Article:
Then Jesus cried aloud: “Whoever believes in me believes not in me but in him who sent me. And whoever sees me sees him who sent me. I have come as light into the world, so that everyone who believes in me should not remain in the darkness. I do not judge anyone who hears my words and does not keep them, for I came not to judge the world, but to save the world.
The one who rejects me and does not receive my word has a judge; on the last day the word that I have spoken will serve as judge,for I have not spoken on my own, but the Father who sent me has himself given me a commandment about what to say and what to speak.And I know that his commandment is eternal life. What I speak, therefore, I speak just as the Father has told me.”
New Revised Standard Version, copyright 1989, by the National Council of the Churches of Christ in the United States of America. Used by permission. All rights reserved. USCCB approved.
Once again, Christ is talking about light…a light that does not exist for its own glory but rather to illuminate truth. Once again, we are invited to look for that light; be open to that light. Why would Jesus need to tell us that? Why would we not welcome the light? One reason is that light can be disturbing, especially when it reveals things that we don’t want to know about. Indeed, light can stun us. Consider the first photographs that people saw of the liberated WWII concentration camps.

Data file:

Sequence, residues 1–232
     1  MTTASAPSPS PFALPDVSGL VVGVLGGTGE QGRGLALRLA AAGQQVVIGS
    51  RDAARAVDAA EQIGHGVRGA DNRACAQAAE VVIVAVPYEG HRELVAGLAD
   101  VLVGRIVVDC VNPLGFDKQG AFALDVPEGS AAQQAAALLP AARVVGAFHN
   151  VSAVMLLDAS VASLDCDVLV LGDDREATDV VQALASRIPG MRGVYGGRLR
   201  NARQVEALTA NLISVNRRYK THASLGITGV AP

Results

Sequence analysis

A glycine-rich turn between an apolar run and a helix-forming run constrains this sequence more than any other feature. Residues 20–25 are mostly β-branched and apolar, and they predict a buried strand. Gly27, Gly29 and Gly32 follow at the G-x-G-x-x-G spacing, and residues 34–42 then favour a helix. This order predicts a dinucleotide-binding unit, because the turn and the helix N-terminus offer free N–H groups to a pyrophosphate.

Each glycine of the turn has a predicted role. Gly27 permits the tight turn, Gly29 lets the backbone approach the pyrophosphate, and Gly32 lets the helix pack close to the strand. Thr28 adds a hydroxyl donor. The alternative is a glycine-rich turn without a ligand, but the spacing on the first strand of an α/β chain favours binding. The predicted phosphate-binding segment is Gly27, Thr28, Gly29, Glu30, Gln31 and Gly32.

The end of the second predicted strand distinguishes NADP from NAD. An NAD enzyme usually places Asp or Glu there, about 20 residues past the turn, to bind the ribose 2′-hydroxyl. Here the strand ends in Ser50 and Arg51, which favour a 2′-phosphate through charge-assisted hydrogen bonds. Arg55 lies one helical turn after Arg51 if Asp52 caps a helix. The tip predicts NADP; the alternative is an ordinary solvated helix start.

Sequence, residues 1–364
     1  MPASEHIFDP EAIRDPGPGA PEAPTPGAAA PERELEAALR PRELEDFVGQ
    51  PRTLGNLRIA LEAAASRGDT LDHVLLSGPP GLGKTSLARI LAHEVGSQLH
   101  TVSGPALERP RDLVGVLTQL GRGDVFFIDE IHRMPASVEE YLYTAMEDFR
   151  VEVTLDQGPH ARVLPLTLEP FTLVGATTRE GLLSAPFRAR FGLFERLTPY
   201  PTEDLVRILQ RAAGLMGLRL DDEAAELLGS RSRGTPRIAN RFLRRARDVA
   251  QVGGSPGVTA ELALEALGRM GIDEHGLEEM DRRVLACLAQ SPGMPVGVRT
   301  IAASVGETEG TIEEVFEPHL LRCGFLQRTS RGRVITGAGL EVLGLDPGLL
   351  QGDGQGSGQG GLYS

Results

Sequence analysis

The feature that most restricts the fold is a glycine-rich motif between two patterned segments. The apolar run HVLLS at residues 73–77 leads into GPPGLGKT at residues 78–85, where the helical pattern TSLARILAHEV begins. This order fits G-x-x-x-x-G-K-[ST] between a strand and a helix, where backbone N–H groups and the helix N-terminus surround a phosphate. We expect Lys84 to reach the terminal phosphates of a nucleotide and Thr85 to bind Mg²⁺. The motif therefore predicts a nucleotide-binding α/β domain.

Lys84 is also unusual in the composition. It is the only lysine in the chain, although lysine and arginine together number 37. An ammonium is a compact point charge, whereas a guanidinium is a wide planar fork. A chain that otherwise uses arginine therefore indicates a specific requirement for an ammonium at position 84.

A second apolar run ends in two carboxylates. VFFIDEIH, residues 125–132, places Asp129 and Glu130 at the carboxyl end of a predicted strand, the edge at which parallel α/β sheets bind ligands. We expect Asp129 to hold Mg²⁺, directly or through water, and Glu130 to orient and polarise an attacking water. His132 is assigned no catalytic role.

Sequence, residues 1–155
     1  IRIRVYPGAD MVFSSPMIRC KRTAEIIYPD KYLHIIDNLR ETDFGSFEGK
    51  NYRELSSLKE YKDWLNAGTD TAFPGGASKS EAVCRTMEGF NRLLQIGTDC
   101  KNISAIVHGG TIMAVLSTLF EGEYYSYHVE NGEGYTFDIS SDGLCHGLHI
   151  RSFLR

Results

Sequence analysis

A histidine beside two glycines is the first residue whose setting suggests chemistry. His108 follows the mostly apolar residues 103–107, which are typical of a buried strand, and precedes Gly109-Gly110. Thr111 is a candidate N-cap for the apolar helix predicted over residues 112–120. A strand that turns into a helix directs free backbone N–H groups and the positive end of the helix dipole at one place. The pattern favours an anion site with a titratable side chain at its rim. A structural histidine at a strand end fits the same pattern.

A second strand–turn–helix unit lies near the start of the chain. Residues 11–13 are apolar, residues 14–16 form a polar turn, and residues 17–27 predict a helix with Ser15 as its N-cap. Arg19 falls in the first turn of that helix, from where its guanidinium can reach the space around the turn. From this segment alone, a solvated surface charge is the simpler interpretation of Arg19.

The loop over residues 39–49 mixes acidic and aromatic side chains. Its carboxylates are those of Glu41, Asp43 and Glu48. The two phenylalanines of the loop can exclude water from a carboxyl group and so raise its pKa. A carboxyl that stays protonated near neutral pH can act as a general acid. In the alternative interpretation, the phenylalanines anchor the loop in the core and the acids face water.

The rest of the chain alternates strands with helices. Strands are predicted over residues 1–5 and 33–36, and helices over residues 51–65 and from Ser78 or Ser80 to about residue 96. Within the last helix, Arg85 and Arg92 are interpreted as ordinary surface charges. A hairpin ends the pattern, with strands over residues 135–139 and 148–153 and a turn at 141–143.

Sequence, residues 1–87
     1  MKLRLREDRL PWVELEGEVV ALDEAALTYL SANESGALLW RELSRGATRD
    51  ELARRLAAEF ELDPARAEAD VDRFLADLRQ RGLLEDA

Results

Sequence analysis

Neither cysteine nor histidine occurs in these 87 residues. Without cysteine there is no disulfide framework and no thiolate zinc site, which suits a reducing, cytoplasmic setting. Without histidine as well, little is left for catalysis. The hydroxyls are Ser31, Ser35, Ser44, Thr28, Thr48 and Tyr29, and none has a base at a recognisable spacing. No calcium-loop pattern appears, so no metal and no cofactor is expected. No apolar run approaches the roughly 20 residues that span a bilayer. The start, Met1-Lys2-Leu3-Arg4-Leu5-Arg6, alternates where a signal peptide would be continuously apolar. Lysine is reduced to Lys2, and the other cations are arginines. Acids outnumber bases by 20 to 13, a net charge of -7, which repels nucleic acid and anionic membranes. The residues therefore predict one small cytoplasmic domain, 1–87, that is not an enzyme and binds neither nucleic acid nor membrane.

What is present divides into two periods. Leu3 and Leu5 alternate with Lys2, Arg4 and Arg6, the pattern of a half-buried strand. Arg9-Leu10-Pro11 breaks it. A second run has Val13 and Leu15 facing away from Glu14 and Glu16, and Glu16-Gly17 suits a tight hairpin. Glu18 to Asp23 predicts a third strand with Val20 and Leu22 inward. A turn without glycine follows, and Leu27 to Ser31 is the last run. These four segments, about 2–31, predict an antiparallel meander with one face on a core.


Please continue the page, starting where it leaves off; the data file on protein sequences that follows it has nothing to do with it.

Another reason that we don’t seek light is that we don’t believe it will come.
Revelation can emerge with maddening slowness. But Christ tells us that it will come. I have a friend who is a professional photographer who always lagged behind the group when we were going for a walk. Once we turned around and he was not there at all. When we retraced our steps, he was just standing still with his camera up to his eyes, but not taking any pictures. “What are you doing?!?” someone asked. “I’m waiting for the light to change,” he answered. And then it did, and then he saw what he was looking for. Finding God in all things requires that we neither turn away from the light nor despair of its coming.
—Bren Ortega Murphy, PhD is a faculty member in Communications Studies at Loyola University Chicago. She holds a joint appointment in Loyola’s Women’s Studies program.
We are the light of the world,
may our light shine before all:
That they may see the good that we do,
and give glory to God.
—Jean A. Greif, “We Are the Light of the World,” © 1966, Vernacular Hymns Publishing Co.